Sunday, April 18, 2010

The Perfect Writing Day

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Look!  No Jet Trails.

Saturday turned into one of those rarest of days—a nice day with nothing to do; the perfect opportunity to catch up on my writing.

And I needed to catch up. After rearranging my character sheets for the third time, I realized I needed to get back to the actual writing. So last Monday I set up a plan to track the re-write. I acknowledge a need for tracking and meeting targets in my work because I am an expert at frittering away time. The initial draft was easy; hit a word count ever day and watch the manuscript grow like mould in a warm jam jar.

But this wouldn’t work for the re-write, so I settled on a page count. Four pages a day seemed about right to me, and if that turned out to be too easy, I could always raise the bar later.

I set to work on Tuesday; by Friday afternoon I was on page three.

So I looked forward to Saturday to do some serious catch up, hoping that, once I broke through the minefield of the first few pages (just enough suspense, not too much back ground, plausible plot, characters that make the reader turn to page four) I would begin to move forward faster and with more confidence.

With my wife up in London attending a quilting exhibition at the Victoria and Albert Museum, I was left without adult supervision and made ready to seize the day.

First, however, there were the errands. I had suffered an eyeglass emergency during the week and this required me to devote part of the morning visiting the optician. This is because, outside of 24-Hour London (Hi, Marsha) England pretty much shuts itself in with a cup of tea and a chocolate biscuit to sit in front of the telly after about 5:00 PM. Therefore, I spent half the morning at the opticians. The other half of the morning I stood in a queue at the post office because the Royal Mail branch that used to be down the road from my office was shut last year and the Royal Mail on-line postal purchasing site suddenly stopped working last month, leaving me no option but to queue up at the one open post office in the Horsham district along with everyone else in town.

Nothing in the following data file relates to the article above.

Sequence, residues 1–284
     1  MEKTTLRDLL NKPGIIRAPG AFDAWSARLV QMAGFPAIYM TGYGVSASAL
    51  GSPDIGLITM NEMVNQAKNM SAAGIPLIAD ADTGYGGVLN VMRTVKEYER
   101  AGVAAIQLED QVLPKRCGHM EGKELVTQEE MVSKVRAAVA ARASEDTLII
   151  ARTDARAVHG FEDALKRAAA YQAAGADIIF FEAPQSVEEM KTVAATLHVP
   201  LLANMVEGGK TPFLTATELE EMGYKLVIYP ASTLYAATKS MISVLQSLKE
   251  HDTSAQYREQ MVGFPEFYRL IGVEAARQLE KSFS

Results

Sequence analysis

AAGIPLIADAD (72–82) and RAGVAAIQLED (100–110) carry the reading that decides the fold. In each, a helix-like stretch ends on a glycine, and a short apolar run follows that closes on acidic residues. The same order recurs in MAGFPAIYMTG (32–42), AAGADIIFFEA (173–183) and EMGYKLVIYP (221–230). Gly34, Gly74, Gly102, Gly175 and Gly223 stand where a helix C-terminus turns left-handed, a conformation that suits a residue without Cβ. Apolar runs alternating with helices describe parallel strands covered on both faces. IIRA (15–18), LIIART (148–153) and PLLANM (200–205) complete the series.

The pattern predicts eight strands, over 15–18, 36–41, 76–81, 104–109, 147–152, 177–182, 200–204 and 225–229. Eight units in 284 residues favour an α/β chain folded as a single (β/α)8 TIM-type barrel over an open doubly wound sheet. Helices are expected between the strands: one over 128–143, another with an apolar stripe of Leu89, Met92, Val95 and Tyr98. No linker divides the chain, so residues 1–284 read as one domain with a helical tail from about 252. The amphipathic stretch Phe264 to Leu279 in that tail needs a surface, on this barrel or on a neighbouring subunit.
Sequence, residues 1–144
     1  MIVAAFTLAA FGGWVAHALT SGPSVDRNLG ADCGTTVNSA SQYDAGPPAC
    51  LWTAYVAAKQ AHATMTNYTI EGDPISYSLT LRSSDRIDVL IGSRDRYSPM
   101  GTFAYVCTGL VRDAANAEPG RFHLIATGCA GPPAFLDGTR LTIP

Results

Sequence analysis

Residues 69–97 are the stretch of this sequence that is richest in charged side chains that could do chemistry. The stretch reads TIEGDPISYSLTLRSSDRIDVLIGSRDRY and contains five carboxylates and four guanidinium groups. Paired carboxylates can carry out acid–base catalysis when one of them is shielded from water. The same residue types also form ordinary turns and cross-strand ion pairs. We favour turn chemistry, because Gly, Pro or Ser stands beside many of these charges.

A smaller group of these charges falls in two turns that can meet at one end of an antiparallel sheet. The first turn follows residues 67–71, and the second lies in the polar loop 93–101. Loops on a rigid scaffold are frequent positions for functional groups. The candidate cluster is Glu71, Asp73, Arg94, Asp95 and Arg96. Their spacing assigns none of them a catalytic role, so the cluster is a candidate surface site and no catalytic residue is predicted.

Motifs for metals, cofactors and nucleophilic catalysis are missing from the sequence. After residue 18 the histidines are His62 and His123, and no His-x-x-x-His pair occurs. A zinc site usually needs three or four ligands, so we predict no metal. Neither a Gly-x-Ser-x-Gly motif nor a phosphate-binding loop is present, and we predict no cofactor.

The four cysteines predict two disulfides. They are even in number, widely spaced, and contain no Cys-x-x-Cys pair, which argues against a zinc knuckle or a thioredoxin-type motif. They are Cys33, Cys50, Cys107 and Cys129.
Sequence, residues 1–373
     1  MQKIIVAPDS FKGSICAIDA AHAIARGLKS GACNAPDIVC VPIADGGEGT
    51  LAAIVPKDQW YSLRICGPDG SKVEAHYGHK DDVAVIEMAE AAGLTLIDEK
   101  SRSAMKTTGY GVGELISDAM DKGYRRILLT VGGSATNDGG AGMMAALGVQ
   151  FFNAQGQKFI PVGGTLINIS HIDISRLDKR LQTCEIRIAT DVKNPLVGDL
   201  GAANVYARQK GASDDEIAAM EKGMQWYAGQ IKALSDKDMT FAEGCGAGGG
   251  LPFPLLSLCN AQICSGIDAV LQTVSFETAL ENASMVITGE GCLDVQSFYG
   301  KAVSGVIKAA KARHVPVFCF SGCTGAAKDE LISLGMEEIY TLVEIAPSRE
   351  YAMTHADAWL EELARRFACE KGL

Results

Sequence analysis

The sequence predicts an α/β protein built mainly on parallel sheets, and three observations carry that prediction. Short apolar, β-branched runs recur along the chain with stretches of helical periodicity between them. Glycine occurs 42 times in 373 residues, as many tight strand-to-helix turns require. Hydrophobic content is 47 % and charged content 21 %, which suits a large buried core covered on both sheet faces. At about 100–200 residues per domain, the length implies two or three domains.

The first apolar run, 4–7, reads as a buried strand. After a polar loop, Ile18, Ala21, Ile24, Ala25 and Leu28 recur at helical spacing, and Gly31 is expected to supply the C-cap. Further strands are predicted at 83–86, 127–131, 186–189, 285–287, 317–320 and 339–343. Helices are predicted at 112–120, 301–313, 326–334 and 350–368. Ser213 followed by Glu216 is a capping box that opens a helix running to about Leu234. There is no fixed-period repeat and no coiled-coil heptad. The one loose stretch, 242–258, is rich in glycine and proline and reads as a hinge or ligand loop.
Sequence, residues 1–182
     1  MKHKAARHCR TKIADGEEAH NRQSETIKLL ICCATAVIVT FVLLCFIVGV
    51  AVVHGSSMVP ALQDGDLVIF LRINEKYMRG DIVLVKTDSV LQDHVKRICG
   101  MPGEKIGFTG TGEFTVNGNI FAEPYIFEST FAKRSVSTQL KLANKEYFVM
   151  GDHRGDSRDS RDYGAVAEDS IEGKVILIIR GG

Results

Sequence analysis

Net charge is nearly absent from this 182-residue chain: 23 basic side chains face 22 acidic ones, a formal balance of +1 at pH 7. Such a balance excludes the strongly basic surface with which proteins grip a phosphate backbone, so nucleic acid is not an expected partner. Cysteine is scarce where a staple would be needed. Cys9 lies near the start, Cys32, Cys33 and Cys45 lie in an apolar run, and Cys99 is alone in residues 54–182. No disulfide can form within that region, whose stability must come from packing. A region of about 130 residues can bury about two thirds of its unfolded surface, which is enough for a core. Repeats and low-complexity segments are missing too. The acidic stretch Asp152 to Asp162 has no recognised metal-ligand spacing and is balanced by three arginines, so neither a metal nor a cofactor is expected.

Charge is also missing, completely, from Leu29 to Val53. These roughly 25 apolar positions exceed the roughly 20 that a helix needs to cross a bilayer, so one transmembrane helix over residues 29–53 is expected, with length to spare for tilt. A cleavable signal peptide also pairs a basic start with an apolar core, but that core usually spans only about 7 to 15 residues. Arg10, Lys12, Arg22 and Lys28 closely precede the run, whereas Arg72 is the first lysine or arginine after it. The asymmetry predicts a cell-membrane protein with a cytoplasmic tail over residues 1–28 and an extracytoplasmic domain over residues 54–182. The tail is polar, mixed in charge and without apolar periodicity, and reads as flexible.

I returned to my flat in time for lunch, and then retired to the balcony with a beverage (non-alcoholic, naturally; I like to keep my mind sharp when I’m writing) and a cigar to contemplate my next move. I know this sounds like an avoidance technique, but I actually find it useful to gather my thoughts and ponder plot problems. Besides, I couldn’t pass up the opportunity to study the vaguely unsettling sight of a pristine blue sky—unmarred by clouds or criss-crossed with jet trails—stretching over Sussex.

This is what it usually looks like.

Once finished, I returned to the computer refreshed and ready to tackle the recalcitrant manuscript. I logged on, checked my e-mail, deleted all the ones promising to enhance my maleness and offering cheap Viagra, saw I had none left and popped over to Meg Gardiner’s blog for a quick look. This is where things went, as they say here, pear shaped.

On Meg’s blog was a humorous bit pointing to an article saying a certain type of female character, specifically written by men, should be drummed out of literature. And the character was of the same type my lead character is.

Writers, as you may know, have delicate egos. Mine is no different, and this second-hand chide deflated it good and proper.

So I returned to the balcony with another cigar and beverage—alcoholic this time.